When setting limits, it is vital to make sure that you can live with whatever consquence you set and let the consequence "do the work" naturally, with no need for parental coaxing or disapproval. To help keep you on-track you can ask yourself:

Am I feeling a need to control which choice my child makes?

Will I be upset (rejecting) if my child doesn't chose what I want her/him to?

Can I set this limit in a firm, neutral, yet nurturing way?

The questions and your answers can help you have the strength to create the kind of limits that honor your child's need to learn from making her/his own decisions. In this case, the father could have simply said, "If you don't come to the car now, then I'll carry you, and if you do come now, you can walk over here yourself." Now, the child can learn from her own chioce without fear of abandonment.


For Professionals — Keeping & Building Confidence

"We betray ourselves any time we see ourselves through the eyes of another person who is critical."

We betray ourselves any time we see ourselves through the eyes of another person who is critical or judgmental toward us. We might anticipate someone's judgment of us for any number of the standard reasons, such as race, gender, sexual orientation, religion, age, weight, dress, personality or even a past conflict.

Ask yourself the question: "If I walk into a meeting where I expect someone to judge me or have a disrespectful view of me, whose image do I have in my mind at that moment? The other person's view of me, or my own view of myself? Many people report that they are focused on the other person's view of them, which undermines their confidence. A powerful form of inner dialogue in these situations is to ask a slightly different version of that question:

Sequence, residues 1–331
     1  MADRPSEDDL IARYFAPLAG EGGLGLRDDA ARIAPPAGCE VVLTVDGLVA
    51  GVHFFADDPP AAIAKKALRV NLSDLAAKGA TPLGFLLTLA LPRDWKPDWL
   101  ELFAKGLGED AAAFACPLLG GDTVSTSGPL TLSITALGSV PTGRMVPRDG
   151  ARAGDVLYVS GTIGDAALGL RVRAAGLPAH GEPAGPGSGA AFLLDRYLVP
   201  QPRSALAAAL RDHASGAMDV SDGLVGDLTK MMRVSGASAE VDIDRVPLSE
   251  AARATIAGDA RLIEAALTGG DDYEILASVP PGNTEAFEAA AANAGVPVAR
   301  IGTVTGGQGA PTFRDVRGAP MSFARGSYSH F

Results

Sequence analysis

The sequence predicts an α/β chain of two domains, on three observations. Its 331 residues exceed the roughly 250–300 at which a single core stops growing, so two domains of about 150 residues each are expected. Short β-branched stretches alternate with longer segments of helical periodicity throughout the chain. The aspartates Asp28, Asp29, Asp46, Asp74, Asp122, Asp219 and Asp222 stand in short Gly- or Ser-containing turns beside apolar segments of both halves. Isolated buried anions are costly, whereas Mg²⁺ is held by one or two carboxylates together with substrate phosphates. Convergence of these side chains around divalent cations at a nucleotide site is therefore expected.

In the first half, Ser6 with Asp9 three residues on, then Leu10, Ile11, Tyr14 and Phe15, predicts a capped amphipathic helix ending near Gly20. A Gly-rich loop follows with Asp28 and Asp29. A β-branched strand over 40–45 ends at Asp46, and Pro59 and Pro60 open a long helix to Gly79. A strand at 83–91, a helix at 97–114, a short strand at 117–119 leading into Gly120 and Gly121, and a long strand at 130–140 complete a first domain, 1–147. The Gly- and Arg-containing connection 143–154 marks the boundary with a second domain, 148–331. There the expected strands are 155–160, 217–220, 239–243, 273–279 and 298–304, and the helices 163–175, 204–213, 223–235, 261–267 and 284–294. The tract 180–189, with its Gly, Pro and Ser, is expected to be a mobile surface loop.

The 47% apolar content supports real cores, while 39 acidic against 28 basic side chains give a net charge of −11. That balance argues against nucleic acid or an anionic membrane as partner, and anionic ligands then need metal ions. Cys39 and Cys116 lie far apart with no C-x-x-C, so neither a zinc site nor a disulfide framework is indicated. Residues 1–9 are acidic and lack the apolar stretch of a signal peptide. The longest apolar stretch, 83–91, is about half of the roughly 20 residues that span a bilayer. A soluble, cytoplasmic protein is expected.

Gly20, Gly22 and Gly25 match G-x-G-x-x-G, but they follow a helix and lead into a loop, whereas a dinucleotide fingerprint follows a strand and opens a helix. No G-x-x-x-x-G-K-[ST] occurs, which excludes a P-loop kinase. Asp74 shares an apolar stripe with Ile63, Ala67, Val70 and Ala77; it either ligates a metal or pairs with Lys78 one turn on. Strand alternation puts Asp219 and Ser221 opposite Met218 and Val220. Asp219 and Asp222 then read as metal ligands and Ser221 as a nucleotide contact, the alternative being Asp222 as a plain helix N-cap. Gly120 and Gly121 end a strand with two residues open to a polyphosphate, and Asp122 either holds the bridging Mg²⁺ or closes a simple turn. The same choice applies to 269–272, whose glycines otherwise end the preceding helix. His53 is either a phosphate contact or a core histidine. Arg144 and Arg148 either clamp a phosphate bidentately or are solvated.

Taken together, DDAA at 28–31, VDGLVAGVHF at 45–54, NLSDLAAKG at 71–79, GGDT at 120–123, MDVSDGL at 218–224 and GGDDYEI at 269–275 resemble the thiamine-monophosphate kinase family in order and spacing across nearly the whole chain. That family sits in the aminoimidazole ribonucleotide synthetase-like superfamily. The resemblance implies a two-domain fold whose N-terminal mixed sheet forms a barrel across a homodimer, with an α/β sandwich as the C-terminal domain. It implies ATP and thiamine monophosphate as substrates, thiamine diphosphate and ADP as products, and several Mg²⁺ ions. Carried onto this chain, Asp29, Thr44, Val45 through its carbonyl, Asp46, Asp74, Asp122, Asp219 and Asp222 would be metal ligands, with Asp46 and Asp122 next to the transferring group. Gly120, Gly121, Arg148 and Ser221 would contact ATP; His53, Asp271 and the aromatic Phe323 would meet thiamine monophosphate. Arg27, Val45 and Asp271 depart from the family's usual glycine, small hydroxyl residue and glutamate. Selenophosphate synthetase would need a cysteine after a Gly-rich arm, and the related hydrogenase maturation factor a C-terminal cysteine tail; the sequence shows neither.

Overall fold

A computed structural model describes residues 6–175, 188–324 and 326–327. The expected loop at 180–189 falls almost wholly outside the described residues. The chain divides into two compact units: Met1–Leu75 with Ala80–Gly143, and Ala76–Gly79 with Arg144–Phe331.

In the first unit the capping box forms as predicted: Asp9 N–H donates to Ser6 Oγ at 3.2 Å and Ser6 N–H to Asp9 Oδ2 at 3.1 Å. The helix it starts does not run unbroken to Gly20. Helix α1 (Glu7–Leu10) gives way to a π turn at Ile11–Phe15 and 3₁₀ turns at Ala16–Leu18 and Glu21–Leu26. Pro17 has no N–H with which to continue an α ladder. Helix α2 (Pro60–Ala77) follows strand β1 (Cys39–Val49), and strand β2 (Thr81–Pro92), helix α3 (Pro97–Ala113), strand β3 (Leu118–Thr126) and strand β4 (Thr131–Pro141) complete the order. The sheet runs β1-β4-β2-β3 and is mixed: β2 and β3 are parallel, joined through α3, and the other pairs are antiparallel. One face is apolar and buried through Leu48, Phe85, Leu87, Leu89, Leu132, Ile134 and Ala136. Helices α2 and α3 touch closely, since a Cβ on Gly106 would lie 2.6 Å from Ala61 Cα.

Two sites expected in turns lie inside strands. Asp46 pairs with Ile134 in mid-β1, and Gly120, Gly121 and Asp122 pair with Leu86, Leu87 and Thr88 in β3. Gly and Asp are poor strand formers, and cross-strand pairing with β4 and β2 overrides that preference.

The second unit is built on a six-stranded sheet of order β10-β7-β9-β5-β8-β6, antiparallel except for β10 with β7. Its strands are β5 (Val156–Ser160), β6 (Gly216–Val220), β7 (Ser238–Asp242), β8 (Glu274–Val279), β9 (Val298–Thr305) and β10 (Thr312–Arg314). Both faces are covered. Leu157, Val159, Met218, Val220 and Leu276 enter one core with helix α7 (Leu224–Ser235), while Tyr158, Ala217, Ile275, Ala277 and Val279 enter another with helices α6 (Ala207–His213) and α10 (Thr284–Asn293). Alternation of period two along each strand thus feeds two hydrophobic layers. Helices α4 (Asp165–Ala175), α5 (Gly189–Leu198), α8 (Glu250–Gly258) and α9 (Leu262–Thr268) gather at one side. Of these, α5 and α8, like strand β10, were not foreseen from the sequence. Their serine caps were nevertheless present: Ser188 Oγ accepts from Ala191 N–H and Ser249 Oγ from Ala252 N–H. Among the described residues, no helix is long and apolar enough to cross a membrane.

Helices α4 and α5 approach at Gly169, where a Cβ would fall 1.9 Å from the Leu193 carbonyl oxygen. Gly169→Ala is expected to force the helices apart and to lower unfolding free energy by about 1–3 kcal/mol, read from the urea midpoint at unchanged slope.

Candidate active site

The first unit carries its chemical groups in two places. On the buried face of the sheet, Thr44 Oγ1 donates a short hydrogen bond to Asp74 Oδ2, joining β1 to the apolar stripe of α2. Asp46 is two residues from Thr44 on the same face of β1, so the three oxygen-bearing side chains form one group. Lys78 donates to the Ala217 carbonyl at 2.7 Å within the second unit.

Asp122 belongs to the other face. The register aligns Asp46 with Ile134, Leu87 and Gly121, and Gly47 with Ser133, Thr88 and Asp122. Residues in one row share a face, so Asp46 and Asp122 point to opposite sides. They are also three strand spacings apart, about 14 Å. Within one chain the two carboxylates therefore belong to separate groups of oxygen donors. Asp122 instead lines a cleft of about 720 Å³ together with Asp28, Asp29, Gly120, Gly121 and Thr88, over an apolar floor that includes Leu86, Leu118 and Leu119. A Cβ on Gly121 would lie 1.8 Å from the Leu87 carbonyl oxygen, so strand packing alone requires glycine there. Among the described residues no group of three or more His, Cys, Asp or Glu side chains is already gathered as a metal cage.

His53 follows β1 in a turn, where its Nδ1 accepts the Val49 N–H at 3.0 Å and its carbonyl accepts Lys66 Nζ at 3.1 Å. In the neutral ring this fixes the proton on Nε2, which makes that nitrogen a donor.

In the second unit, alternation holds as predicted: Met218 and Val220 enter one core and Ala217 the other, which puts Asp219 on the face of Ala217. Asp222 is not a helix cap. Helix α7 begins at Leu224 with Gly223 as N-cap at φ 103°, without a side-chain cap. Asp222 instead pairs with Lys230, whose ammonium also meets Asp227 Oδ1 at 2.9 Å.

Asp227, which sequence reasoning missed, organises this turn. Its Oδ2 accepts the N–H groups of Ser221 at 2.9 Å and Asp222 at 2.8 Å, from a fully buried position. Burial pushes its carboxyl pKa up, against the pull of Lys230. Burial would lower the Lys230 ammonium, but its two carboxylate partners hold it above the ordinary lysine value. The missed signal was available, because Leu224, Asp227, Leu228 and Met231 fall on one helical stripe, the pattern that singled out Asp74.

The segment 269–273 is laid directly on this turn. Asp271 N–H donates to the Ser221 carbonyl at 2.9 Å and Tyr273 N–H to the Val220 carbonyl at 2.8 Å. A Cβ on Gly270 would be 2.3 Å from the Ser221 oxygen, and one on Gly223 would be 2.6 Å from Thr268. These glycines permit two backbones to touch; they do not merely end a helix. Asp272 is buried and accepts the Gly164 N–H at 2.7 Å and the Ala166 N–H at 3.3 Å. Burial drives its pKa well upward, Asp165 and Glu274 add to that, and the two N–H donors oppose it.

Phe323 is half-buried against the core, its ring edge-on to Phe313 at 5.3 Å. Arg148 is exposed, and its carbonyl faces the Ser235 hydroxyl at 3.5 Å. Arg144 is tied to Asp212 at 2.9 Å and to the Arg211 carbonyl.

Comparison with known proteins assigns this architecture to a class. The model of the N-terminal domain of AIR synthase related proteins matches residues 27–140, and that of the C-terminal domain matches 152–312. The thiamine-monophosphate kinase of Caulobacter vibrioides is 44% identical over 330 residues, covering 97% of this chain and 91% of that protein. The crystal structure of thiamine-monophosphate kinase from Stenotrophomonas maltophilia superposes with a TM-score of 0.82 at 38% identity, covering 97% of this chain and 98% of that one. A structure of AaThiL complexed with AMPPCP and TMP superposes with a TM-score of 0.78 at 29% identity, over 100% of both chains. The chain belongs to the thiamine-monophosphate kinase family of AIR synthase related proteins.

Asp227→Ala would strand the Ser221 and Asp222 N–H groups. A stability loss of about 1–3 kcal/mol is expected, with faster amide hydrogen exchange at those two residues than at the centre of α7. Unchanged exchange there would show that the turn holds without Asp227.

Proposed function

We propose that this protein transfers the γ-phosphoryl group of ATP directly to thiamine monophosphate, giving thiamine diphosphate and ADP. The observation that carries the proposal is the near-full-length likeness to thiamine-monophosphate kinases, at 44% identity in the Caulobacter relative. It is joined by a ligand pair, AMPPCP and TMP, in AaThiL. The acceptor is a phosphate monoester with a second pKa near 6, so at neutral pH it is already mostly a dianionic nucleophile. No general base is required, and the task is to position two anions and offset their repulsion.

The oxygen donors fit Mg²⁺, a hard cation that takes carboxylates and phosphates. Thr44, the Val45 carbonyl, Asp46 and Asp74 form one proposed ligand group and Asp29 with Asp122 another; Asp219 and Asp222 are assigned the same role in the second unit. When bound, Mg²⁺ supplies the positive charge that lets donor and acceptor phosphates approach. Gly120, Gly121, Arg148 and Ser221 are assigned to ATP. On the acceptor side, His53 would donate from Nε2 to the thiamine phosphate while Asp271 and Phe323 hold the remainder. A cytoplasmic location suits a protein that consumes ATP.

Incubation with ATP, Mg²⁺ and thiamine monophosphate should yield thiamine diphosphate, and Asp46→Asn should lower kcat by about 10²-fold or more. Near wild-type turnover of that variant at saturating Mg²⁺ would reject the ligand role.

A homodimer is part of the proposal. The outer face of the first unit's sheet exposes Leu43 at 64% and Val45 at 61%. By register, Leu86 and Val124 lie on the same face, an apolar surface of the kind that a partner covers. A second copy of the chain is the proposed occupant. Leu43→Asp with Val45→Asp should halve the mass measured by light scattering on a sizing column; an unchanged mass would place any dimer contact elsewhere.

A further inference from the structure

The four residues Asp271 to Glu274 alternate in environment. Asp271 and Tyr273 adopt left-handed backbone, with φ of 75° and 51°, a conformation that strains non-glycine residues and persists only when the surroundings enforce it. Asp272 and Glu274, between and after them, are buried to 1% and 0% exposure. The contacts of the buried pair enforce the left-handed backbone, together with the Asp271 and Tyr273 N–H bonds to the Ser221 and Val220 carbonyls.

"Do I want to focus on her/his view of me, or keep my own view of myself strong in my mind? Or,

"Do I want to focus on my own values or let myself feel diminished by hers/his?

Shifting internally to your own view of yourself (or the view that someone who loves you has) instead of that of a critical co-worker or supervisor can give you an instant booster shot of confidence. The questions must be asked thoughtfully, without trying to convince yourself, looking for the true answer.

For another example of keeping your confidence when feeling intimidated in a work situation, ready the story "Job Assignments."

The Institute for Powerful Non-Defensive Communication • Contact Us
Powerful Non-Defensive Communication is a trademarked name. © 1994-2016 Sharon Strand Ellison

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Tips & Examples:

Talking to Ourselves — Getting Rid of Old, Self-Defeating Scripts

1. For Individuals — Dealing with the Internal Critic

2. For Couples — Being in a Receptive Internal State without Fear of Being Controlled

3. For Parents — Eliminating Rejection &/or Criticism as Part of Limit-Setting

4. For Professionals — Keeping & Building Confidence

Also See:

Responding to Criticism Non-Defensively

Vulnerability as a Source of Strength

Eliminating Victim
Mind-set